If you thought it strange that Google would all of a sudden start talking about the size of its search index again, today we know why.
The stealthy start-up search engine launched last night with both arms swinging, and Google in its sights. Cuil’s “about us” page makes the bold claim:
Cuil searches more pages on the Web than anyone else—three times as many as Google and ten times as many as Microsoft.
But, that’s not the only attack Cuil is making. The new search engine claims to be better than Google et al in a number of ways, including:
- More than just PageRank – Cuil claims to rank pages based upon content and relevance, not just inbound links.
- Refined searching – Cuil offers searchers both “Explore by Category” panels–with useful information related to your search–and “Tabs” that help you clarify and refine your search.
- Privacy - Cuil claims, “…we do not collect any personally identifiable information, period. We have no idea who sends queries: not by name, not by IP address, and not by cookie. Your search history is your business, not ours.”
What are Cuil’s chances?
If you want an in-depth review of Cuil’s chances, I suggest you read what Danny Sullivan has to say. For those of you who prefer the “just give me the bottom line” approach, here goes.
Size – Yes, the size of a search engine’s index has little to do with the quality of the results. We all know that. But, the average Joe doesn’t. If Google let’s Cuil get away with continual messaging that includes “we’re three times larger than Google,” your sister, aunt, parents will all be impressed by that claim.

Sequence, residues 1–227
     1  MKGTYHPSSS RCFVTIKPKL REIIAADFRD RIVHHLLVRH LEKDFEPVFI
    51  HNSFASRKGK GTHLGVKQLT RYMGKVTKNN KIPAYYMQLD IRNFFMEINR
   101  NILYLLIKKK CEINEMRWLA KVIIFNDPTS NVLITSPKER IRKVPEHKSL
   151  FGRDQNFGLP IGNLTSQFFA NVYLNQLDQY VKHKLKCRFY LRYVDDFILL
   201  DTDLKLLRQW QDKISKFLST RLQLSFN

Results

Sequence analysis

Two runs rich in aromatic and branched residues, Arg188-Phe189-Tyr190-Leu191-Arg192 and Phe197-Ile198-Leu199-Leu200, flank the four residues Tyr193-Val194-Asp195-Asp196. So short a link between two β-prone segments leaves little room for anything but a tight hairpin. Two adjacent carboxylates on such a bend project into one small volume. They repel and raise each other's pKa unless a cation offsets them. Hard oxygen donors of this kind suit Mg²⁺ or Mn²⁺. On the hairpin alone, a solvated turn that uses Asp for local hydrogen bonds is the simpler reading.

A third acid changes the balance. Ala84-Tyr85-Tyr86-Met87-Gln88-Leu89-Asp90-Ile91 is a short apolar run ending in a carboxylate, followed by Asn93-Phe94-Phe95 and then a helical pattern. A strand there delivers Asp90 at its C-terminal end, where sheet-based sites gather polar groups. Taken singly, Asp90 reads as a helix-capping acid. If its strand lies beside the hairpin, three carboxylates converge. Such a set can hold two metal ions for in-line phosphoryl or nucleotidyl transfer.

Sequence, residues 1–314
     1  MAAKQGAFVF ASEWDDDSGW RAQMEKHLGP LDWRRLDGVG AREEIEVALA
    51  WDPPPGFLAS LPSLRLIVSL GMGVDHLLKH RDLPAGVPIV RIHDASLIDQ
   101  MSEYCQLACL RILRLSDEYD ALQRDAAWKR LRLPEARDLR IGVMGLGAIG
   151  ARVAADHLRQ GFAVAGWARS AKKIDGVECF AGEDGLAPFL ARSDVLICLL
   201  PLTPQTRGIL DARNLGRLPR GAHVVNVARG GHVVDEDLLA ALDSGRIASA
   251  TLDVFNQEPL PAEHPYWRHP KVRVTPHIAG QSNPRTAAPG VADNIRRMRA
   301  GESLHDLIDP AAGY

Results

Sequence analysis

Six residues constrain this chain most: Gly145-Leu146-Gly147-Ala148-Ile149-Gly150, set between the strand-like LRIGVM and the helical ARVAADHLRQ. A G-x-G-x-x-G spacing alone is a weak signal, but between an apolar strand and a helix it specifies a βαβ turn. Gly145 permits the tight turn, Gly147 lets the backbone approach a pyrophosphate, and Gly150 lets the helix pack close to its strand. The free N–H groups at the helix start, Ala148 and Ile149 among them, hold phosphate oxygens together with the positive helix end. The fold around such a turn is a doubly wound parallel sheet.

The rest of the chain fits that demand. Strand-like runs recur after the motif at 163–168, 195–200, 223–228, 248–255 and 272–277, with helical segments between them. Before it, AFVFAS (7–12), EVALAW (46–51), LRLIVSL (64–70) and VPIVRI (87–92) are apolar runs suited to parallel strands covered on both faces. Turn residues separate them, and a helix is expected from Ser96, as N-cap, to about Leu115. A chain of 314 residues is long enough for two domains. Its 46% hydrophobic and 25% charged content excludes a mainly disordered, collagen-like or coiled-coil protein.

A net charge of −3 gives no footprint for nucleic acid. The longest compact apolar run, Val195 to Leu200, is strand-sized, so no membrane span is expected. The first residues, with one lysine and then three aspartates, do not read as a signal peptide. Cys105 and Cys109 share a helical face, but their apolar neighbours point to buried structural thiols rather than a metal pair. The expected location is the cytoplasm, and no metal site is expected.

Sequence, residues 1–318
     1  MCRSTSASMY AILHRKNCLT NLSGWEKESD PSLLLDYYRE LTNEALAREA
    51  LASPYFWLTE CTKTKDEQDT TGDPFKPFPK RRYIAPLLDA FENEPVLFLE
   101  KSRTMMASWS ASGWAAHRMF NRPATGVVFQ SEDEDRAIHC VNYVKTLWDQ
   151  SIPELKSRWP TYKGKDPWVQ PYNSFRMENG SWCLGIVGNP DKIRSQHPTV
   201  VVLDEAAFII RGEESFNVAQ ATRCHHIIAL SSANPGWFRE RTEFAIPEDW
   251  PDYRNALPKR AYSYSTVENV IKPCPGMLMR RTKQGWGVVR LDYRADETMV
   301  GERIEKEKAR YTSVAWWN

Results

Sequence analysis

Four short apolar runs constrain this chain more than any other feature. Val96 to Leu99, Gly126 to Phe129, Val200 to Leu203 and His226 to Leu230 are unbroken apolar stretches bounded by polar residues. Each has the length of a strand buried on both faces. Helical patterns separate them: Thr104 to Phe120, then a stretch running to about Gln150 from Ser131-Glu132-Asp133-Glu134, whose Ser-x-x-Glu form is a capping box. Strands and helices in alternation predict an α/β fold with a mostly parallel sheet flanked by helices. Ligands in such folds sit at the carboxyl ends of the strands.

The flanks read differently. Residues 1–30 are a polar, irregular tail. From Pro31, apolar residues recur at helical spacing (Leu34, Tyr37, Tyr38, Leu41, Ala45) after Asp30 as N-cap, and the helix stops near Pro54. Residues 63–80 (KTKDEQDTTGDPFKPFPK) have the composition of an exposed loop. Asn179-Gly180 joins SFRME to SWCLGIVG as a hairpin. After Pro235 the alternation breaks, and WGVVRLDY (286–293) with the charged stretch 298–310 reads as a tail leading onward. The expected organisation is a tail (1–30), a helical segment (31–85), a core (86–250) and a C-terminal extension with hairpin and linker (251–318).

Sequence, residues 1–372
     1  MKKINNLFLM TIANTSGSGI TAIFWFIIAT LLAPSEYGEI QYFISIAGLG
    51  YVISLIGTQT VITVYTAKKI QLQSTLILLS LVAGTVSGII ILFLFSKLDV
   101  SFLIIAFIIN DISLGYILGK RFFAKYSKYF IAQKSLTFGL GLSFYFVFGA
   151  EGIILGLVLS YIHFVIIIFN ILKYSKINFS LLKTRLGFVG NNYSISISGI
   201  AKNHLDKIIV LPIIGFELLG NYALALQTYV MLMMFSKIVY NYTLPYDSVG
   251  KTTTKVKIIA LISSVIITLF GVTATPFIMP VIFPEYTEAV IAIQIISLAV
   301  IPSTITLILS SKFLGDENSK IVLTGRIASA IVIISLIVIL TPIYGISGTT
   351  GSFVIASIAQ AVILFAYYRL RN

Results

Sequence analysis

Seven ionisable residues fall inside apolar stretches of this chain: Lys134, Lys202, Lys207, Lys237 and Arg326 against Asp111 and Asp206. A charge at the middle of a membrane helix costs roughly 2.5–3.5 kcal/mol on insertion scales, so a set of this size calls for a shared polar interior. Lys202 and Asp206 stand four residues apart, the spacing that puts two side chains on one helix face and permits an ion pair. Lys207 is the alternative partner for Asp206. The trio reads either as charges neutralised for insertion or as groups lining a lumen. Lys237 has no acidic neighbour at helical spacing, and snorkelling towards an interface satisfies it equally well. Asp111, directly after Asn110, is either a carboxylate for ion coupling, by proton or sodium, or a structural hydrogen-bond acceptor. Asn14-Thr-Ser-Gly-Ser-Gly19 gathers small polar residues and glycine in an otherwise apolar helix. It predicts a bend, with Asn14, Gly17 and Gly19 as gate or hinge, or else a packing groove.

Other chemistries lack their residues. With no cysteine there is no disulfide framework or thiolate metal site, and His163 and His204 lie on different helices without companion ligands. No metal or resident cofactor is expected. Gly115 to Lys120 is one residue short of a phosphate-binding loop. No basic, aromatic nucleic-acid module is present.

Privacy – This is a dark cloud over Google’s head. Has Google become big brother? Does it know too much? If Cuil can keep on at that message, then it might win users who would prefer to keep their searches private.
Display - Take a look at Cuil’s search results. They look more like the homepage of a news web site. That three-column approach looks clumsy right now–compared to Google’s clean interface–but it’s different. When Google launched, it gained much ground because its display was different than others. Cuil could gain popularity just because it offers a fresh view of the web.
One small snag.
I tested Cuil’s search results and sure, it can find the important stuff. But, considering it’s supposed to be 3X the size of Google, why couldn’t it find my own Trackur.com web site? A search for Trackur found many references, but not the actual web site–which has been live for more than six months now.
Perhaps the most embarrassing thing for Cuil, is that it couldn’t even find its own pages. I clicked on a “Our Philosphy” link and was greeted with this error.
Let’s hope that’s not an omen of things to come.